Root Film review (Switch)

Root Film, the successor to Root Letter, has just launched in the West on both the PS4 and the Nintendo Switch. Should visual novel fans rejoice? We checked out the Switch version to find out.

When you mentioned the name/word “Root” to visual novel fans, they’ll perk right up. Even though they’re unrelated, Root Letter and Root Double have been hits in the genre, and as Root Film comes from the studio behind Root Letter expectations were understandably high. Although it wasn’t a huge commercial success when it launched in Japan last year, the critical reception was very favorable so we were glad that PQube snatched it up and localized it for western audiences.

Just like how Root Letter features literal letters (in a pen pal situation) as a driving force in the story, so does Root Film feature the art of filmmaking. The new story once again takes place inside the (very real) prefecture of Shimane in Japan, but the story and its characters are fictional. Rintaro is trying to make it as a film director, while Riho is an actress looking to make a name for herself. They’re joining forces on a project called the “Shimane Mystery Drama Project”, but before things take off there’s a murder on the set, thrusting the pair into a murder mystery that needs uncovering.

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Part of the mystery is that the TV series you’re working on is actually a reboot of an earlier show that had all of the people working on it vanish – which is of course the mystery behind the mystery. Between the two perspectives (of Rintaro and Riho) you’ll meet plenty of the crew members working on the show, from other actors to managers to people in a production and/or supporting role. It’s an interesting cast and a story full of twists, and the nature of the mystery means that you’re always leery of hidden agendas and motives.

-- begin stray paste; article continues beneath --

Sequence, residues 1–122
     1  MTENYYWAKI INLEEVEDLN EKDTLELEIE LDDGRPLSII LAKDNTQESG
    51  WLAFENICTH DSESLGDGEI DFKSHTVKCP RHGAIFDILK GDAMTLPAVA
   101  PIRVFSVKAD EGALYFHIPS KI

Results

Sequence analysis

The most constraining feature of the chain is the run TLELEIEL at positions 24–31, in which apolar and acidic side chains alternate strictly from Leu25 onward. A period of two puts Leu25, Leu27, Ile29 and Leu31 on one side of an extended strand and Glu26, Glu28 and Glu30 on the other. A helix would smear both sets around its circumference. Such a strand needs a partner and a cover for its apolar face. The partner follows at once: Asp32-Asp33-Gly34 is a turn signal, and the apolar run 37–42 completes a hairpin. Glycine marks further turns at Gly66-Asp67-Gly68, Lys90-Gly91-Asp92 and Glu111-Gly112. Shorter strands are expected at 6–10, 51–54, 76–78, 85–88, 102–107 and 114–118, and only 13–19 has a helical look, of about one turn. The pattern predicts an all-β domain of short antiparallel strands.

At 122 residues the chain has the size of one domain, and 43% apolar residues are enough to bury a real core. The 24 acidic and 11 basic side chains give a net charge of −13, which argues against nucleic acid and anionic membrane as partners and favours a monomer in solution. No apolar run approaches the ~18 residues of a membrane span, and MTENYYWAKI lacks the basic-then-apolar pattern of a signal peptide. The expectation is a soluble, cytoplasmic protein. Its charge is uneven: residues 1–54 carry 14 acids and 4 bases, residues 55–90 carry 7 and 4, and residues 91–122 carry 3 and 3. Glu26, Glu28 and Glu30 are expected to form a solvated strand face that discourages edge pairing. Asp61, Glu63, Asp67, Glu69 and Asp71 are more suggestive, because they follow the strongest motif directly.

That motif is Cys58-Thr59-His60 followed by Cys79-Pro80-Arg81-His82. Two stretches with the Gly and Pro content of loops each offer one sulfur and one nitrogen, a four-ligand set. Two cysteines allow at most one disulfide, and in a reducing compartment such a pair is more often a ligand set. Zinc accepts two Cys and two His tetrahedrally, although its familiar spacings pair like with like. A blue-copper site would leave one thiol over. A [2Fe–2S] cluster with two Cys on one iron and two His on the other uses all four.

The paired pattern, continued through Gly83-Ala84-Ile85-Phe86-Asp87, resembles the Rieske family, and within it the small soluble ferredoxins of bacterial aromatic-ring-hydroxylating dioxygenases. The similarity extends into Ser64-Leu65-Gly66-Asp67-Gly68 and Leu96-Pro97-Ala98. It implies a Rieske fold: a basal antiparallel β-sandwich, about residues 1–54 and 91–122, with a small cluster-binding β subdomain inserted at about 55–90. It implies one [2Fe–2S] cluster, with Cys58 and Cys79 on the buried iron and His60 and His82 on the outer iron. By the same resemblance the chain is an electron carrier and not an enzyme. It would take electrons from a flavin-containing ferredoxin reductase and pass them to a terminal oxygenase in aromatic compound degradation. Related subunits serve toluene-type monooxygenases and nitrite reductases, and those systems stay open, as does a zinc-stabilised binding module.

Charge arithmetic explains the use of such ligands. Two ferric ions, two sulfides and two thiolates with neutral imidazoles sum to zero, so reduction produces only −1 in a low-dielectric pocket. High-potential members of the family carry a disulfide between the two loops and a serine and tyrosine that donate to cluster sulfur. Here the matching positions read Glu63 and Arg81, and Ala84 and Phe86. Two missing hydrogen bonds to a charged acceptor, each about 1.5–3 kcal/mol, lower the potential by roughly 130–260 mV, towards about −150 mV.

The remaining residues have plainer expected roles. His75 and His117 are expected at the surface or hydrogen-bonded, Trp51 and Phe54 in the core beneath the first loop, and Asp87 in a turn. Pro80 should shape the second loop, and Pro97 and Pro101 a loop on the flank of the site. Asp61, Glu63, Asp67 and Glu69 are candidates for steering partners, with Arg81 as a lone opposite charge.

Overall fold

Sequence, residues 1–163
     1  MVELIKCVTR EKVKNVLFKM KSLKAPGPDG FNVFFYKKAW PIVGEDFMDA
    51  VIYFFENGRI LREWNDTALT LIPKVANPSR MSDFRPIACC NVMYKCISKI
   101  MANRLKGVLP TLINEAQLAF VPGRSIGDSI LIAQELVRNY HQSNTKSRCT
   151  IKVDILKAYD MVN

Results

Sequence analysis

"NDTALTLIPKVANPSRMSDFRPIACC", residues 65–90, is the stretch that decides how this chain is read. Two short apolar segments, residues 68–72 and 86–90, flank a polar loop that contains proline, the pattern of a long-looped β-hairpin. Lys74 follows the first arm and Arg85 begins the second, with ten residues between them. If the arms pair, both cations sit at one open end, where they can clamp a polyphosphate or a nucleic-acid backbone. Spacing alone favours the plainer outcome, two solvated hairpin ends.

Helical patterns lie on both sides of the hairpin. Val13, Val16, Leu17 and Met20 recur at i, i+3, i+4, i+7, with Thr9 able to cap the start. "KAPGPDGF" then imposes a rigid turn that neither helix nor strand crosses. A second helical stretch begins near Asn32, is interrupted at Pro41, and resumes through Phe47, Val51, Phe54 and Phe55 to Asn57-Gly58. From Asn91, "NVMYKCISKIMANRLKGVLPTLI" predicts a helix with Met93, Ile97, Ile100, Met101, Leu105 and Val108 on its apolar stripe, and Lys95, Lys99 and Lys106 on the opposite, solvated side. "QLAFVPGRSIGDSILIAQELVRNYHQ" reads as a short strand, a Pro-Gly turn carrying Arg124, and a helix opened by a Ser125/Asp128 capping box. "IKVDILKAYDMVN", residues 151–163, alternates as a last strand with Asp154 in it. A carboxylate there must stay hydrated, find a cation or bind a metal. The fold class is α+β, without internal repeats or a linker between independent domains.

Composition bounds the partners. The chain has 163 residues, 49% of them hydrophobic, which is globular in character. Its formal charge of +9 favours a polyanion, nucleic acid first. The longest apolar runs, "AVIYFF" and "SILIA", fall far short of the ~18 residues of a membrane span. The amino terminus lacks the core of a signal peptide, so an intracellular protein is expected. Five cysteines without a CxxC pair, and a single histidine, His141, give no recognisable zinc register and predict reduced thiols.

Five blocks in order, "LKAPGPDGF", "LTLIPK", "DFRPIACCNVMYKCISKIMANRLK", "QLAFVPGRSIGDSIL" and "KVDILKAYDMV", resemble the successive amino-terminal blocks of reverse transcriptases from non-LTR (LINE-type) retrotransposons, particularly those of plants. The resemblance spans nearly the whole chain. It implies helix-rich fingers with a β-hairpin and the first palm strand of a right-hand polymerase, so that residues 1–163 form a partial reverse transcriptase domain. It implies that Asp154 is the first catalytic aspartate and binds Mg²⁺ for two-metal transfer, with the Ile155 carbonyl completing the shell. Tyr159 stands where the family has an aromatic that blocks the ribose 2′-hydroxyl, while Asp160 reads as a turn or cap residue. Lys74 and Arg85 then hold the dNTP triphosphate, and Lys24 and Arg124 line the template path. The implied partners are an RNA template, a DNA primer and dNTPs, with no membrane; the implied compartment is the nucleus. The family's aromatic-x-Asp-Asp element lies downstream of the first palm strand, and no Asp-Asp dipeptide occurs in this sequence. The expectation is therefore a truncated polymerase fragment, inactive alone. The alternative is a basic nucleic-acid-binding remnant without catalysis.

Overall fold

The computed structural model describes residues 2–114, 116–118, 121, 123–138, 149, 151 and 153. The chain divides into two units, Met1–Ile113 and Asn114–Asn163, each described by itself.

Localization didn’t extend to the voiceover work, but the original Japanese dub is still available – and even for a non-speaker of the language the range of emotions expressed is clear and adds to the story delivery. What detracts from the experience a bit, however, is that the translation – at least at release – isn’t perfect. This isn’t because I speak Japanese and struggled with the nuances, because I don’t speak the language at all. This is because some lines feature clear spelling errors, which hurts a text-driven game like this and is the kind of thing you’d expect to be caught during the QA phase.

root film

Root Film plays out like a very traditional visual novel in that it doesn’t feature a lot of traditional gameplay outside of picking the next location to travel to and interacting with people through conversational choices. As such, it’s rather linear and unlikely to resonate with those who aren’t fans of the genre and its storytelling mechanics already. If you are, however, there’s a great story here that’s entertaining to follow and fun to get involved in through guesswork about who’s who and what the next plot twist might be.

Combine that with excellent art work that conveys both the character and Shimane very well and a story length that doesn’t overstay its welcome despite a slow start to the narrative, and this is a solid recommendation. We’re just hoping that a post-release patch will iron out a few glitches in the translation.

Score: 7.3/10

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